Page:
Australian Story - Answers to viewers questions

Questions answered so far:

  • Why hasn’t anyone from Uniloc featured in the Australian Story episode?
  • What about your parents, Ric? Did they not have a part in your success? Why weren’t they interviewed for the story?
  • Your business partner Craig Etchegoyen is mentioned but is not interviewed in the story. Is there something missing there?
  • The case must have cost millions. How did Uniloc pay for it?
  • The case must have been a big thing for you. Why didn’t you go over there for the proceedings?

Why hasn’t anyone from Uniloc featured in the Australian Story episode?
The people of Uniloc are a good and competent team and they should get credit for their part in the jury decision. However the enforcement of the patent only really involved a few members of the team and me as the inventor since its really about the patent and some of the facts surrounding our relationship with Microsoft over the years.

There is also the fact that the judge has not as yet ruled on damages and there is a very real likelihood of an appeal which means that all the Uniloc team including me are still under scrutiny by Microsoft and the court for possible future legal activities so discretion is in order.

I for my part completely understand Uniloc’s reticence to be too involved with stories surrounding an active court case. Since I am no longer at the company, I can make independent decisions although obviously feel it is important to take the interests of the company into account whenever I do anything related to Uniloc or the 216 patent.

But I also have a life outside of Uniloc and a deep interest in encouraging fellow inventors and Aussies who may want to give their idea a go, so I thought the time was right to do something of the depth and integrity of Australian Story.

What about your parents, Ric? Did they not have a part in your success? Why weren’t they interviewed for the story?
Yes they most certainly did have a major part in my success. The initial support, confidence despite not really understanding the technology, and their willingness to put valuable family financial resources behind me are priceless.

I cannot speak for them but I do know that my father has dealt with and been a part of the media for nearly 50 years and while I do not think that Dad or Mum questions the quality of the Australian Story people, Dad has had a policy of staying away from the media and for good reason given some of the things he has seen happen over the years.

I think this is also part of the reason that my youngest brother Sky who runs my incubation company R2 Labs also declined to be interviewed. He has the added burden of also having been deposed in the Microsoft court case which was enough to scare anyone from speaking publicly about anything to do with such a big case while it is still active.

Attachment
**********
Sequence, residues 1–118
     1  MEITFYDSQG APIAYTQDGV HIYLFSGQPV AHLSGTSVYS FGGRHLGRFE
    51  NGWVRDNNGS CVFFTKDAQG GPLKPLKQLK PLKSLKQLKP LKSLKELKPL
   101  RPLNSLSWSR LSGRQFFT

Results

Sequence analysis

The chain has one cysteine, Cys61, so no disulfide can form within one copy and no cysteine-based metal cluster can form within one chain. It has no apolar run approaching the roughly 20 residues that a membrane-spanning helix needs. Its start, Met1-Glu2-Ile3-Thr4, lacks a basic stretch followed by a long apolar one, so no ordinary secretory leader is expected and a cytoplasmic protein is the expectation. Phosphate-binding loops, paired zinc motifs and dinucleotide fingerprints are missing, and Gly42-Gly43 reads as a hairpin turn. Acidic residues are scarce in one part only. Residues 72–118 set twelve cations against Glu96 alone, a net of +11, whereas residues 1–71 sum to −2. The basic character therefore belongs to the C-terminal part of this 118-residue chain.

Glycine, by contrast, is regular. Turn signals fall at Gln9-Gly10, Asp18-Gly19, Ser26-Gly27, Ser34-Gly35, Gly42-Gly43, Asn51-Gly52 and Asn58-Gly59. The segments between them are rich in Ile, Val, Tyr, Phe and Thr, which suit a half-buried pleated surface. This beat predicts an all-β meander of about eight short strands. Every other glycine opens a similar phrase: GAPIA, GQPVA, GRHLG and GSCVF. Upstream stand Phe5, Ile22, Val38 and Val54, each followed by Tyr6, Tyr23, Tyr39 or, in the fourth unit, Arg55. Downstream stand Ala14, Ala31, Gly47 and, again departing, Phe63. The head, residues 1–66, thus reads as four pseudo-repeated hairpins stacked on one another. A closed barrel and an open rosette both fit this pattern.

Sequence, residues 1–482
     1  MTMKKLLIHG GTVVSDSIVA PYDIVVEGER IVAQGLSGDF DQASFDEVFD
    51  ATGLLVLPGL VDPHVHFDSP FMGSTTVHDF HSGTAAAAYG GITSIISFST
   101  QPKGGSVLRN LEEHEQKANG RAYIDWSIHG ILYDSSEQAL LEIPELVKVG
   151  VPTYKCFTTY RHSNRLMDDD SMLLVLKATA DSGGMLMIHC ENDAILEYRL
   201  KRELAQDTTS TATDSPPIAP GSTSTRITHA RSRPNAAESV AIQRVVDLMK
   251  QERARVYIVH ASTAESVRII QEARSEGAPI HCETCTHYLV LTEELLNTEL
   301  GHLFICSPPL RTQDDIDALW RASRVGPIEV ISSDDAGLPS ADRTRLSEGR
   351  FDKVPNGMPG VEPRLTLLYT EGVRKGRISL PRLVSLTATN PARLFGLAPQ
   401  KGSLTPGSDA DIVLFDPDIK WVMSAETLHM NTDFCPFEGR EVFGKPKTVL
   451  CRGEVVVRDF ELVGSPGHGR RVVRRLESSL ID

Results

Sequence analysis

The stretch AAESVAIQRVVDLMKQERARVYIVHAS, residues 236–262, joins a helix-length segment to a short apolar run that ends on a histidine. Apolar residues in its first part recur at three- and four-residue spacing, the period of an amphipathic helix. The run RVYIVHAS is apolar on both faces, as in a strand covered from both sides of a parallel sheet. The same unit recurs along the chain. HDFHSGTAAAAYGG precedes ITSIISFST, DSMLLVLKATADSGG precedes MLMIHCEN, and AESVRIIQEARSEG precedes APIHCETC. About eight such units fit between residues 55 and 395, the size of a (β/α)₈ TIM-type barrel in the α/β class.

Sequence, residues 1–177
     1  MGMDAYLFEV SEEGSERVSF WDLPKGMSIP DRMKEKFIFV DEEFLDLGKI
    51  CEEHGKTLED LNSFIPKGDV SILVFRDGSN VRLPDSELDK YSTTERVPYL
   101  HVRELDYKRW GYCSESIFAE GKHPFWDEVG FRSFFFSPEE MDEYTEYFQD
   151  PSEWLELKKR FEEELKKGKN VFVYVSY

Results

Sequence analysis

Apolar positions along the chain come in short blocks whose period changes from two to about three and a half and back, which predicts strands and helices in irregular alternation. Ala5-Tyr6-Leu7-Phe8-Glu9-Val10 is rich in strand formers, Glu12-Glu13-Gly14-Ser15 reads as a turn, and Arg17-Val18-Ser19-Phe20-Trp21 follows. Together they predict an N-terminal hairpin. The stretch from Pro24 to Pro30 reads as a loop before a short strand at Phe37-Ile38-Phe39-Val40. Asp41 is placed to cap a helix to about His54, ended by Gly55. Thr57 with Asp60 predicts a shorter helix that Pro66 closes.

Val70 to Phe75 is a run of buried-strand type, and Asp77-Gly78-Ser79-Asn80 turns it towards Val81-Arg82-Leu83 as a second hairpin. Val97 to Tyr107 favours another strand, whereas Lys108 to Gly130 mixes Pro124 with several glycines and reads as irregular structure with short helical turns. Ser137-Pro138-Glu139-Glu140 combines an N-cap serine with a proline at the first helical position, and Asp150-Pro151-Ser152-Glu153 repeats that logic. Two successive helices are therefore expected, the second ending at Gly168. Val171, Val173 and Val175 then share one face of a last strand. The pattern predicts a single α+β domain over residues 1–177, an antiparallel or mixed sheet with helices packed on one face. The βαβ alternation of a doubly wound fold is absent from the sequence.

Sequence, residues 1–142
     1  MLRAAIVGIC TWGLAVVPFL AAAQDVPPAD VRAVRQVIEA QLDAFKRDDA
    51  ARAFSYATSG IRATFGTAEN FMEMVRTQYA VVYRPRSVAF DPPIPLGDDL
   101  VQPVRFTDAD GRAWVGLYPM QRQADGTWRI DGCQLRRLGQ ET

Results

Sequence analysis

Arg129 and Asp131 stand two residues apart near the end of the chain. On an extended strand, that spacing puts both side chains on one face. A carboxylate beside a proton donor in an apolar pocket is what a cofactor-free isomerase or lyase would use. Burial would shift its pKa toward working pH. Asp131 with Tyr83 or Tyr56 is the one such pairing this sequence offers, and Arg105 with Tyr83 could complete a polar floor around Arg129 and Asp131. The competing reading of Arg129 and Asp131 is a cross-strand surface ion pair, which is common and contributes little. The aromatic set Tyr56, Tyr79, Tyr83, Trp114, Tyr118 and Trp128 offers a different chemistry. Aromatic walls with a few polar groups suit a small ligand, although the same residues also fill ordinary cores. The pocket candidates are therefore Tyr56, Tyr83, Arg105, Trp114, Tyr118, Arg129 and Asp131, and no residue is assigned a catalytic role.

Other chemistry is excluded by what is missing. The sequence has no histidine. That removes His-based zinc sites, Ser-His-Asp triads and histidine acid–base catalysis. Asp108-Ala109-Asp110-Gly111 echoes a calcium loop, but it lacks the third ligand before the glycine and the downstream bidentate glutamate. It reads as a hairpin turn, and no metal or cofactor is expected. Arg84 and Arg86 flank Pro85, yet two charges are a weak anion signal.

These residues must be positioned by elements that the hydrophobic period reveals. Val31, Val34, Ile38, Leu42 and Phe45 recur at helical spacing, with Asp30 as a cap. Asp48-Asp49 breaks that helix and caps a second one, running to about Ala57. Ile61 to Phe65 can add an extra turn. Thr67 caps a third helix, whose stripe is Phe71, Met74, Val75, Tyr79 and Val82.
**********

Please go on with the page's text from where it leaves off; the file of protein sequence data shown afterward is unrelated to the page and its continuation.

Your business partner Craig Etchegoyen is mentioned but is not interviewed in the story. Is there something missing there?
Craig is a close friend and I have complete trust in him as he represents my interests in Uniloc. He, like my parents and my brother Sky is very circumspect when it comes to commenting publicly during an active court action.

For some reason I just feel that I do not want to live my life in the shadow of constant legal scrutiny. During filming for the story I did my best to keep away from what I felt were touchy or controversial subjects and to avoid adding to the already large burden of our legal team at Mintz Levin in Boston.

I would of liked to have heaped praise on Craig for his part in helping me find the right legal team and having the right strategy with them but there will be time for that later when things settle down.

The case must have cost millions. How did Uniloc pay for it?
The key guys at Uniloc are very smart. So the resources to fight this legal battle came together fairly smoothly. Mintz Levin are pretty much the best there is in terms of patent litigation so things really came together once they were confident that the patent was substantial and the possibility of infringement was high.


The case must have been a big thing for you. Why didn’t you go over there for the proceedings?
To give you an idea, over the last 6 years since the suit was filed, dates for various hearings and court milestones changed time and again.. sometimes moving out by weeks and months. It’s a very hard way to plan your life. In 2007 when I made the decision to start to head back to Australia the date for the trial was a distant amorphous thing.

Then when my health seriously declined after having kidney stones, I felt it was time to bite the bullet and just get back to Australia, get to the country for a period and rebuild my health. After the stress of moving and even because of the stress of the impending case, health naturally became a very real issue in not allowing me to get back to the US.

In fact the stress was so bad that even when Karen told me that we had won, I almost immediately went into a depression with physical reactions. As soon as my head knew it was ok to stop worrying my body went on and had a wind down that completely over-ruled the rush that would normally happen to most people after winning a court case like that. Things soon started to regulate but I can tell you that normal people like me are not designed to handle stuff like $300 million dollar court cases.

It was satisfying to be supported by a jury of peers but the intensity of situations like that is just not much fun to deal with especially when it is your invention that is being attacked.


For more answers why don’t you add your comments below and I will do my best to answer them there or here with future edits.

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